To combat queer teen pregnancy, reduce homophobia, and save taxpayer money, the federal government should redirect the $90 million budget for abstinence education toward LGBTQ+ inclusive comprehensive sexuality education (CSE) programs. All too often, sexual health education focuses on heterosexual and cisgender youth. LGBTQ+ people are often only discussed in tandem with HIV/AIDS. As a result, queer youth report that sex ed feels irrelevant to their needs and further stigmatizes them. Worse yet, the federal government spends $90 million annually on sexual health education programs that teach sexual abstinence instead of equipping young people with the tools and resources they need.

This may soon change — but not for the better: President Trump’s proposed budget would eliminate the evidence-based Teen Pregnancy Prevention Program, while maintaining $85 million dollars for abstinence education programs. Continue reading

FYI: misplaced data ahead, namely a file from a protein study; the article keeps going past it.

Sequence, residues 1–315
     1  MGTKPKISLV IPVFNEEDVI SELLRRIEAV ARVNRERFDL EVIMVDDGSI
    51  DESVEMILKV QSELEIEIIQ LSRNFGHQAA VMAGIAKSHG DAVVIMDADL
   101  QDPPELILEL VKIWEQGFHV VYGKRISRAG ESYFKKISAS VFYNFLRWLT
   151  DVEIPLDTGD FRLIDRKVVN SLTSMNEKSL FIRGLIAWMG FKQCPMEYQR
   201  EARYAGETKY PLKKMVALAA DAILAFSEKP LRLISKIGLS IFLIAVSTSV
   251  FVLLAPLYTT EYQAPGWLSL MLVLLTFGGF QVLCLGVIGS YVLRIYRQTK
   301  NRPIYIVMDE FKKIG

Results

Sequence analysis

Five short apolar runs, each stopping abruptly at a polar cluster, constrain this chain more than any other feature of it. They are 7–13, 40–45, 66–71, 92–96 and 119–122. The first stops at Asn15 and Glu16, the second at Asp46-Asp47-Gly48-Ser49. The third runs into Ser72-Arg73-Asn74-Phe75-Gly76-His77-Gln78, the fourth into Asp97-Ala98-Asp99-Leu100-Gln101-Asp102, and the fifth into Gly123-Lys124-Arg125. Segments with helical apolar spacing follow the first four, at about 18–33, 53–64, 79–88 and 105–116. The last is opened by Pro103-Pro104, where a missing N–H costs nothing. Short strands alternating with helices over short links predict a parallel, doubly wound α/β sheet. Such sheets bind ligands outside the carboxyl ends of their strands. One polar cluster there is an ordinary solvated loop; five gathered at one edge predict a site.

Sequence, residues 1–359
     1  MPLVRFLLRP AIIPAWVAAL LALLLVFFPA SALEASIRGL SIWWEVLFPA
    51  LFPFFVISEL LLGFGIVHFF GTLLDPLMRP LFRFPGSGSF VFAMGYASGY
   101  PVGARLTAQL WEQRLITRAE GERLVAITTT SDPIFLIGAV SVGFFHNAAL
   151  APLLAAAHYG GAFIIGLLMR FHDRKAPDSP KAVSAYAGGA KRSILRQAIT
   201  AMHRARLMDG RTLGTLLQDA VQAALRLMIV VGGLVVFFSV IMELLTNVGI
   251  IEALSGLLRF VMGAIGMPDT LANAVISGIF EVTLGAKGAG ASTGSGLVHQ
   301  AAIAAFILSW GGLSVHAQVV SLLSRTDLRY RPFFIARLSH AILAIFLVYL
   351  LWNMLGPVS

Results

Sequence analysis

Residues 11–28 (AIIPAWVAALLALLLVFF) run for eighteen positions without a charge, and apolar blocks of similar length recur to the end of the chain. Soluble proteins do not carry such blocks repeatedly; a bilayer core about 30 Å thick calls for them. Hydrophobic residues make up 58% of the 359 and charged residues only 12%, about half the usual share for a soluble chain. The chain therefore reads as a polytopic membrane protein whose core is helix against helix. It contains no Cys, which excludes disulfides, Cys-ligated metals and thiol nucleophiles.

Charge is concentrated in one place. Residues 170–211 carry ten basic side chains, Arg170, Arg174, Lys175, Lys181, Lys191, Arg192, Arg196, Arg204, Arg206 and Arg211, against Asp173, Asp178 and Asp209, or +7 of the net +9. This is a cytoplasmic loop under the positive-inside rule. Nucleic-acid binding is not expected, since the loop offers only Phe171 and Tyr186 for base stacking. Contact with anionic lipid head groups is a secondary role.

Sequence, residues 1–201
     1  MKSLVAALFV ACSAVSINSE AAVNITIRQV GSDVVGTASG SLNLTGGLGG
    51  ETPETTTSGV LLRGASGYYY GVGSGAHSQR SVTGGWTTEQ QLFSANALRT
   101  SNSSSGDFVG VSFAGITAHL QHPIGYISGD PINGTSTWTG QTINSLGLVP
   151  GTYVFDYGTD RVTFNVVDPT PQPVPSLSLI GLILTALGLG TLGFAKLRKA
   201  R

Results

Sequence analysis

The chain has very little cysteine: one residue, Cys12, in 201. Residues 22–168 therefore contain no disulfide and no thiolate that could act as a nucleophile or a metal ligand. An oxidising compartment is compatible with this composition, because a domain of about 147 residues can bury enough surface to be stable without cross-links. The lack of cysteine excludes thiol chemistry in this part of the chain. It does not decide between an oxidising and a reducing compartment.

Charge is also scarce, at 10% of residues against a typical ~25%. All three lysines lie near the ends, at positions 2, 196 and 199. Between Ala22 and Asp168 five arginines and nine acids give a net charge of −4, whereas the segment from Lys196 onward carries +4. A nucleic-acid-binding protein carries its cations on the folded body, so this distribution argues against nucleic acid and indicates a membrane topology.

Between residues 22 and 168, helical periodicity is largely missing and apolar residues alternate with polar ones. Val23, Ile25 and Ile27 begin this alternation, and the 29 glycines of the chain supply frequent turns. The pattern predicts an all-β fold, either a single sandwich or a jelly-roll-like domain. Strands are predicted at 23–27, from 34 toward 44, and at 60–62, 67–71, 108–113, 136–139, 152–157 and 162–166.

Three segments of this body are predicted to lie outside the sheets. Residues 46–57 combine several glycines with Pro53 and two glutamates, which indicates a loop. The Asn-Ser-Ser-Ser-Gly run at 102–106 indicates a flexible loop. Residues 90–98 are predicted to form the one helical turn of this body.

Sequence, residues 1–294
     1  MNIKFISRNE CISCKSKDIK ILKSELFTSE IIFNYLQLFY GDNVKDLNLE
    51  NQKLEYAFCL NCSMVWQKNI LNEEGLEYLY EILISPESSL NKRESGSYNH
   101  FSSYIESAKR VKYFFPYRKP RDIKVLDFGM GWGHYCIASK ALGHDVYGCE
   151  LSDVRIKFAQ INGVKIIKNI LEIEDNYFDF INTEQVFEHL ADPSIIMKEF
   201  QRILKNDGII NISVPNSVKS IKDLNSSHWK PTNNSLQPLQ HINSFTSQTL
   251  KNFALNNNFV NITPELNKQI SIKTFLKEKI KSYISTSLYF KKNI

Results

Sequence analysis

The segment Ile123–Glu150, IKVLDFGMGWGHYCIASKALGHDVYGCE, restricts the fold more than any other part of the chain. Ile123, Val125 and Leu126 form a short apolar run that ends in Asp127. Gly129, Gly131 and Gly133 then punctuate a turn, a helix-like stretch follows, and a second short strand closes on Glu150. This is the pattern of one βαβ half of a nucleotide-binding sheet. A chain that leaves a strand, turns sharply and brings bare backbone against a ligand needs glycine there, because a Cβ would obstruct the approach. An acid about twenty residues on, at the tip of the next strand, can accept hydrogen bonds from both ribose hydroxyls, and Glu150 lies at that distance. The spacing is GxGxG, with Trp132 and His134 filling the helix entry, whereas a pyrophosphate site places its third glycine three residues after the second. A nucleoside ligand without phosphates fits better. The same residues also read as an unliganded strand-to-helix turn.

A New Campaign for Back to School

Oftentimes, when we think about back-to-school campaigns, what first comes to mind are the countless promotions on things like school supplies, clothing, backpacks, and laptops. All the essentials you need to start the year off on the right foot.

Rarer are the promotions around health, let alone, gasp, sexual health. But the facts are in. Young people are having sex. By 12th grade, more than 59 percent of high school seniors in Arizona report having sexual intercourse.

Meanwhile, comprehensive sexuality education isn’t a state-mandated requirement for Arizona’s schools, and Arizona teens are more likely to become pregnant than most teens across the United States. Given this information, it isn’t entirely surprising that more than three-quarters of teens, ages 15 to 17, say they need more information about birth control, HIV/AIDS, and other sexually transmitted infections.

This year, do more than find the best bargains on backpacks or laptops to prepare your teen for school. Take some time to share information and resources with your teen about sexual health and healthy relationships so they can be ready for what the school year might bring.

And you don’t have to go it alone! Planned Parenthood Arizona is here to help by offering a back to school promotion of its own as part of the Be Healthy, Be Safe, Be You! campaign.